Geomorphology and geophysical hazards

30 credits

This module presents a series of thematic taught sessions overviewing major geomorphological processes and landforms, sedimentary environments and geophysical hazards. The module builds upon foundations of GG4080 Introducing Physical Geography and Environmental Hazards. On completion of the module you will gain a detailed understanding of the major surface processes and their geomorphological significance and will be able to interpret a range of sedimentary environments. Module themes will reflect on likely hazards linked to geomorphological processes, including floods, coastal change (including impacts of sea-level change on coastal environments), slope stability, geological controls on geomorphology such as fault movement and associated and sediments (and sedimentary structures) created by events such as tsunamis and ash falls.

The module emphasises the mastery of geomorphological skills through experiential learning closely associated to core lecture delivery. The practical programme will aid you in evaluating key geomorphological concepts, learning and testing analytical techniques. Fieldwork programme provides an arena for applying new skills and knowledge gained and provides a learning bridge to those wishing to pursue physical geographical and/or hazards based research projects at Level 6.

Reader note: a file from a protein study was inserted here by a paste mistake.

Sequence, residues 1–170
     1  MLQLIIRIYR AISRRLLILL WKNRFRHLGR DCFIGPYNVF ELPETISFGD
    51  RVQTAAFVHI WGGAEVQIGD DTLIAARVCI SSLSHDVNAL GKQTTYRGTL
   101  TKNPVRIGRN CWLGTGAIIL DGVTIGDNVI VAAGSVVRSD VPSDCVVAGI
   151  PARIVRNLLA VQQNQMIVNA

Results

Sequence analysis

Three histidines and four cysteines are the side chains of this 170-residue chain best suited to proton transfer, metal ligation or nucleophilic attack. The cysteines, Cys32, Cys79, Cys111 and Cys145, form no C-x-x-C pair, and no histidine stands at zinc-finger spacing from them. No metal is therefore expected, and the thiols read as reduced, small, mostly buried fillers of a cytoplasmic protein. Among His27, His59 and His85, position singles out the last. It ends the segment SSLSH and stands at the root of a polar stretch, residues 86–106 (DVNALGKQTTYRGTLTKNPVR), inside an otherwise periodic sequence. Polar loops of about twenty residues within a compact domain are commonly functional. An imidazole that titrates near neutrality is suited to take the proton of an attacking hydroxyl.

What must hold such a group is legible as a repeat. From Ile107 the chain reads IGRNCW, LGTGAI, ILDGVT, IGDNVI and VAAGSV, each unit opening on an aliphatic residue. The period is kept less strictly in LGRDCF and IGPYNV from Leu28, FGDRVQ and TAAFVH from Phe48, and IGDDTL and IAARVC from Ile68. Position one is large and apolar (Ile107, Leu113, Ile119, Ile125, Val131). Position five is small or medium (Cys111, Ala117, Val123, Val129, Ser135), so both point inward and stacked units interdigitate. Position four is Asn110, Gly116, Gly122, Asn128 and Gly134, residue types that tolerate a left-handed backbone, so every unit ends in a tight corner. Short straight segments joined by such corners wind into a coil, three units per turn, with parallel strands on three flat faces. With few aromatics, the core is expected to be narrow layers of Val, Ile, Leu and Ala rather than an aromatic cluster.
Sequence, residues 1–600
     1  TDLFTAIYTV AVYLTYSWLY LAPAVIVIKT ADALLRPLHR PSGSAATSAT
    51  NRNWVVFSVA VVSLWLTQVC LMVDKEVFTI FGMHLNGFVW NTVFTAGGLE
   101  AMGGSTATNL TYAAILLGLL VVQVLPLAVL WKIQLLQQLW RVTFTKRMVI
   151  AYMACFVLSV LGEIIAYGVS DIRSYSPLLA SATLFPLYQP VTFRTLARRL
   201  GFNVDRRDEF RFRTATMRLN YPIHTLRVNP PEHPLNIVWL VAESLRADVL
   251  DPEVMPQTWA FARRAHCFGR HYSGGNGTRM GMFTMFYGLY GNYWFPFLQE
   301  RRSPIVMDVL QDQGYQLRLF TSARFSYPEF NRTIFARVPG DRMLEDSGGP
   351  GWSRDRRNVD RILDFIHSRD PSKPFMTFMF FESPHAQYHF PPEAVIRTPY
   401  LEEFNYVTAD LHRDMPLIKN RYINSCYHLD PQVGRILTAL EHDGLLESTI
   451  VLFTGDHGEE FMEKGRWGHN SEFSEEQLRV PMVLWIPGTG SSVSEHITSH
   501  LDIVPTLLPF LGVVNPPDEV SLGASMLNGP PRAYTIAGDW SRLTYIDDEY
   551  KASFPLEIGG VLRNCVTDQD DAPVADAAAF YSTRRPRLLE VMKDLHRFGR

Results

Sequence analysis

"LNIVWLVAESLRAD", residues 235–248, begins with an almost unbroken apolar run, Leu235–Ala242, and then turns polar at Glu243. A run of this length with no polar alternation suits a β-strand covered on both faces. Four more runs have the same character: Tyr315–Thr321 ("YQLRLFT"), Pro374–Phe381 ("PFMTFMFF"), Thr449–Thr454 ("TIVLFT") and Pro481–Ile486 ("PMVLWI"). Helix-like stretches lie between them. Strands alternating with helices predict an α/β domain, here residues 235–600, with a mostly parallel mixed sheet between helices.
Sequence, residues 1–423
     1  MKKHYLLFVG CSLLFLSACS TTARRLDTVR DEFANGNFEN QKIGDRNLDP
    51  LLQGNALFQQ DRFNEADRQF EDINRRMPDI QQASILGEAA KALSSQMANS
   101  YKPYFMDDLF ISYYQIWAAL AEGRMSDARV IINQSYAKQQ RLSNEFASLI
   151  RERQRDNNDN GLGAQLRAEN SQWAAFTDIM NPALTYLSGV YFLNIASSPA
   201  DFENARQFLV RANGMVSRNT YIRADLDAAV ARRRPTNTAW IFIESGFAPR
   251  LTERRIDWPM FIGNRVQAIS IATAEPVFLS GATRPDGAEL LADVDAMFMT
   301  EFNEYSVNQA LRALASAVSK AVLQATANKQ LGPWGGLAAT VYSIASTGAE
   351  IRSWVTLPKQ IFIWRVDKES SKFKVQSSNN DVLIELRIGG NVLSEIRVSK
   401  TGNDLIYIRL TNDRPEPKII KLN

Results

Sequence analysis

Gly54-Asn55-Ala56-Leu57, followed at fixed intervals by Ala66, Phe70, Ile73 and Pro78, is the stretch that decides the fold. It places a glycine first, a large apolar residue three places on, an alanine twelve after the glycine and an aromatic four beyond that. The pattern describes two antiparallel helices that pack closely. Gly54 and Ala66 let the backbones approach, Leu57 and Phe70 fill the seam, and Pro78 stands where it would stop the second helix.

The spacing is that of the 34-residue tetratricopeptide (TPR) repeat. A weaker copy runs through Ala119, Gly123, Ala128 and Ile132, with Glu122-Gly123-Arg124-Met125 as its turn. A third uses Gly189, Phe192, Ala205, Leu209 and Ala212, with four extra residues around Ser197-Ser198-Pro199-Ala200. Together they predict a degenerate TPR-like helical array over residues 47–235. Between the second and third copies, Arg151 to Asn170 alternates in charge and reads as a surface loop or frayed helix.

The modules in Year 3 further develop your knowledge of disaster management, with an emphasis on recent case studies. You'll also research and engage with practising professionals in all areas of disaster management.

Core modules

GIS Transforming Geography and Environment

30 credits

This module has a twin focus on changes that have impacted on Geography and Environment over recent decades and how these have created opportunities for geographical and spatial investigation to address an expanding range of applications. Information technology, in particular GIS, is one of the major drivers of change and this module explores the application of GIS in a range of domains encompassing socio-demographic, economic, political, environmental, natural and anthropogenic hazard events.

The Challenge of Climate Change

30 credits